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Unpopular Opinion: It’s harder than ever to be a good software engineer

Source: Medium

Working in a startup environment for almost a decade has given me privileged access to a fast-paced culture of innovation, exploration, and a fail-fast approach. I followed the standard progression ladder: intern, junior, mid, senior, and eventually moved to the engineering management track. Over time, many people I grew with later moved on to work at other companies, becoming highly-respected contributors there. It would be fair to say they are good engineers.

Looking back at the journey of my peers, mentees, and my own, it seems harder than ever to be a good engineer.

Defining a good engineer

What does it mean to be an engineer? As software engineers, we are:

  • Responsible for translating complex problems into efficient and scalable solutions
  • Tasked with analyzing user requirements, designing software architecture, writing code, and testing and debugging software
  • Expected to stay on top of trends, seeking new business opportunities and ways to improve existing products

So no — engineering doesn’t equal programming. Sometimes, that is the smallest part. It definitely appears so as one acquires more experience, as shown in the figure below.

What does it mean to be a good engineer? Based on numerous interviews, and supporting my mentees’ progress, I noticed that people with different levels of expertise might give different answers.

Someone just starting out might think it’s the number of languages and frameworks a developer knows. A more experienced engineer might not even care about the language they’re using, instead emphasizing code quality — adhering to all coding principles and conducting QA, while moving swiftly.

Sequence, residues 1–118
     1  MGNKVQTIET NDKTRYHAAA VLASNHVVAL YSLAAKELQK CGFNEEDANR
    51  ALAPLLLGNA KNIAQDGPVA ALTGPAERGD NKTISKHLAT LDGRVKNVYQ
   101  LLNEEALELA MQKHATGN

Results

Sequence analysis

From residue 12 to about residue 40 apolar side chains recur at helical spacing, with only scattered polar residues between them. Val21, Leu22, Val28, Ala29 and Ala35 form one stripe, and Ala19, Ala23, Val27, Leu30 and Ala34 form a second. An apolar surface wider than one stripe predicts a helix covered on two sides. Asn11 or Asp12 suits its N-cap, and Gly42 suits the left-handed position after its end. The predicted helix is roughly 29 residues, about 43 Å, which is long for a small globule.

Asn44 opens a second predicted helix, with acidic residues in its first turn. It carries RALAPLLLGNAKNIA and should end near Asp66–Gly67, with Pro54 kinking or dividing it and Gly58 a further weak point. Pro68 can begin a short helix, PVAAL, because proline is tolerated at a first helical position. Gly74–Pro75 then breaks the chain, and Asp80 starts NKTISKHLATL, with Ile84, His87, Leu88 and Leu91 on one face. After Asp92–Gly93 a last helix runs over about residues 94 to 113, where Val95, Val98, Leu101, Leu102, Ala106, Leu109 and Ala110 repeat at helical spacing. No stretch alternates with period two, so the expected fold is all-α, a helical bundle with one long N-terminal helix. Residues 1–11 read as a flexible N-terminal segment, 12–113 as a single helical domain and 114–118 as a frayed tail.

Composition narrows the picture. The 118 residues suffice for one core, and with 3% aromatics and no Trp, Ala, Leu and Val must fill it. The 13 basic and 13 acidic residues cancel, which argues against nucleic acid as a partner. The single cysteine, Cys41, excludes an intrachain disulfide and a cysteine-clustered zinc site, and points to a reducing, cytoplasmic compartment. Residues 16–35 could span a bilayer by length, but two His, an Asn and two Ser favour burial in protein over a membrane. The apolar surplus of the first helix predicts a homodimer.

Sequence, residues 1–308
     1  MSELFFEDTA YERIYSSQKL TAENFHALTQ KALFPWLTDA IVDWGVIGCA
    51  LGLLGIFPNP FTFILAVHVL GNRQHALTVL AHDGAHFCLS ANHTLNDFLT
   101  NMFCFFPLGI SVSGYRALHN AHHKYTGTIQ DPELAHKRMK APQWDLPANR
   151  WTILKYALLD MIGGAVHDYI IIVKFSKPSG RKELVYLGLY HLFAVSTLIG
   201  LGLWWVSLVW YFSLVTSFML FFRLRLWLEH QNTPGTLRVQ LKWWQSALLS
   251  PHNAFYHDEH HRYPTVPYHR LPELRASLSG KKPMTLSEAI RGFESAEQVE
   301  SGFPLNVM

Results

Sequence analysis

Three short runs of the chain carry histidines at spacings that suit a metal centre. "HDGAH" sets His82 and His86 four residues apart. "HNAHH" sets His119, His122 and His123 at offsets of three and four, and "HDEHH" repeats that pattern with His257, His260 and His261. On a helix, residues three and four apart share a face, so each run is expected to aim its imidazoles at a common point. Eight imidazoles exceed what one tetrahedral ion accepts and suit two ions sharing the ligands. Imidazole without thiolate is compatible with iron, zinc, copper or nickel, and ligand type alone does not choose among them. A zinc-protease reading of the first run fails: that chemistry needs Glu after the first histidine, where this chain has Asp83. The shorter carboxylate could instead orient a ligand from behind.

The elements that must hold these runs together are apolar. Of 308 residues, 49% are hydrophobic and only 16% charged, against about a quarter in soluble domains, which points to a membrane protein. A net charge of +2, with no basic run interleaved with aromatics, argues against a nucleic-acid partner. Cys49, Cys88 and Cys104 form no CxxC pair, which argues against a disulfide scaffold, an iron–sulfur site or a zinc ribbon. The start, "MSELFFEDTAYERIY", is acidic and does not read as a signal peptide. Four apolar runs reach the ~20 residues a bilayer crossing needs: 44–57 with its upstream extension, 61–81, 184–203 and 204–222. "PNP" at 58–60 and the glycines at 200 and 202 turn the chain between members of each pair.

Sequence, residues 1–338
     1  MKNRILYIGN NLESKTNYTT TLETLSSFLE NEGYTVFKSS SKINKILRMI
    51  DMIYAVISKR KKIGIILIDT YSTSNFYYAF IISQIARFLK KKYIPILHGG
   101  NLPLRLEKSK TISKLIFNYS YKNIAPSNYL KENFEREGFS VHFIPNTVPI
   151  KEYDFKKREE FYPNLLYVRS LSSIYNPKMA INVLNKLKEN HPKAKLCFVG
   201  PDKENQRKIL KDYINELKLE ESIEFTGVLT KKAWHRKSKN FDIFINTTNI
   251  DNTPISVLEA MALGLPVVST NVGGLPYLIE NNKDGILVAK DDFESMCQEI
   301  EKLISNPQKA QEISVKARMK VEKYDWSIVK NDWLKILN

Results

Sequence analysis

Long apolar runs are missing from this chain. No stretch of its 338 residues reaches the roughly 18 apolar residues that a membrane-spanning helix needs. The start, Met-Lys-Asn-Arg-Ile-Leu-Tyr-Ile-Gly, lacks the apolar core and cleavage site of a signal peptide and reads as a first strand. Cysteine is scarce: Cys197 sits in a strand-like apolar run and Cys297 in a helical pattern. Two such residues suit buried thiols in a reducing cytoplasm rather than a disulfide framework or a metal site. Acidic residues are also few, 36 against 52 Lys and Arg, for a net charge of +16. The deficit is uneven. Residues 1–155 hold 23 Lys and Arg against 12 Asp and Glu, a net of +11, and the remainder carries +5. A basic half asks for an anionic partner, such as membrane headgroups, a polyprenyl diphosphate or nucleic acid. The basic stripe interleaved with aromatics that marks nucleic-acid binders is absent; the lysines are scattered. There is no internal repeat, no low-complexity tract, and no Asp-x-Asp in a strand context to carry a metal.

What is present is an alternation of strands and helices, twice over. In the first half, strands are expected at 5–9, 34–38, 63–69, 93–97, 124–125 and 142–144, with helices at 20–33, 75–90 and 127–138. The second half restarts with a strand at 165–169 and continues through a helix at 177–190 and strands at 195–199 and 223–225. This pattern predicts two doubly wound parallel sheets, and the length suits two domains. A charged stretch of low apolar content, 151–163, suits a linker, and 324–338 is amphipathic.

Highly experienced engineers place an enormous focus on bringing value. Sometimes we’ll quickly write throw-away code that breaks all the rules to prove a hypothesis; sometimes we’ll spend days writing a couple of lines of mission-critical code. But most days, we are making architectural decisions, discussing mission-critical issues, improving processes, etc. Why? Because often, that brings the most value.

Although there are always exceptions to the rule, we can say that a good engineer is one that efficiently focuses their effort to bring maximum value in achieving a goal.

Growing markets and competition

The tech market is constantly evolving. We have all seen massive successes over the years: from WhatsApp to Uber, Airbnb, and TikTok. While these may be exceptions, such examples often set the north star for people — something they should strive for. This way of thinking puts extra pressure on engineers. They feel stress from inside, thinking they’re doing something wrong, and from outside, with people comparing their company to many competitors.

To succeed in such an environment, companies needed to “move fast and break things,” as the famous Facebook motto says. Today this is more obvious than ever — almost every company is becoming an “AI company.” Everyone is integrating ChatGPT, often for no real reason, without a strategy on how it will bring value.

By moving away from the core principle — how can we bring more value to our customers — and moving towards beating the competition on the hype train, we get engineers building functionalities that are doomed to fail.

World is a confusing place

What should an enthusiast such as myself do to become a better engineer? Apart from the obvious choice of perfecting coding skills by improving clean code and architecture philosophies, nowadays, there are lots of temptations lurking. Learning TypeScript and that one latest framework that changes everything, diving into the world of blockchain and crypto, experimenting with a myriad of AI products… Options are endless.

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    April 5, 2024 at 4:33 PM
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    April 5, 2024 at 4:34 PM
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    April 5, 2024 at 4:34 PM
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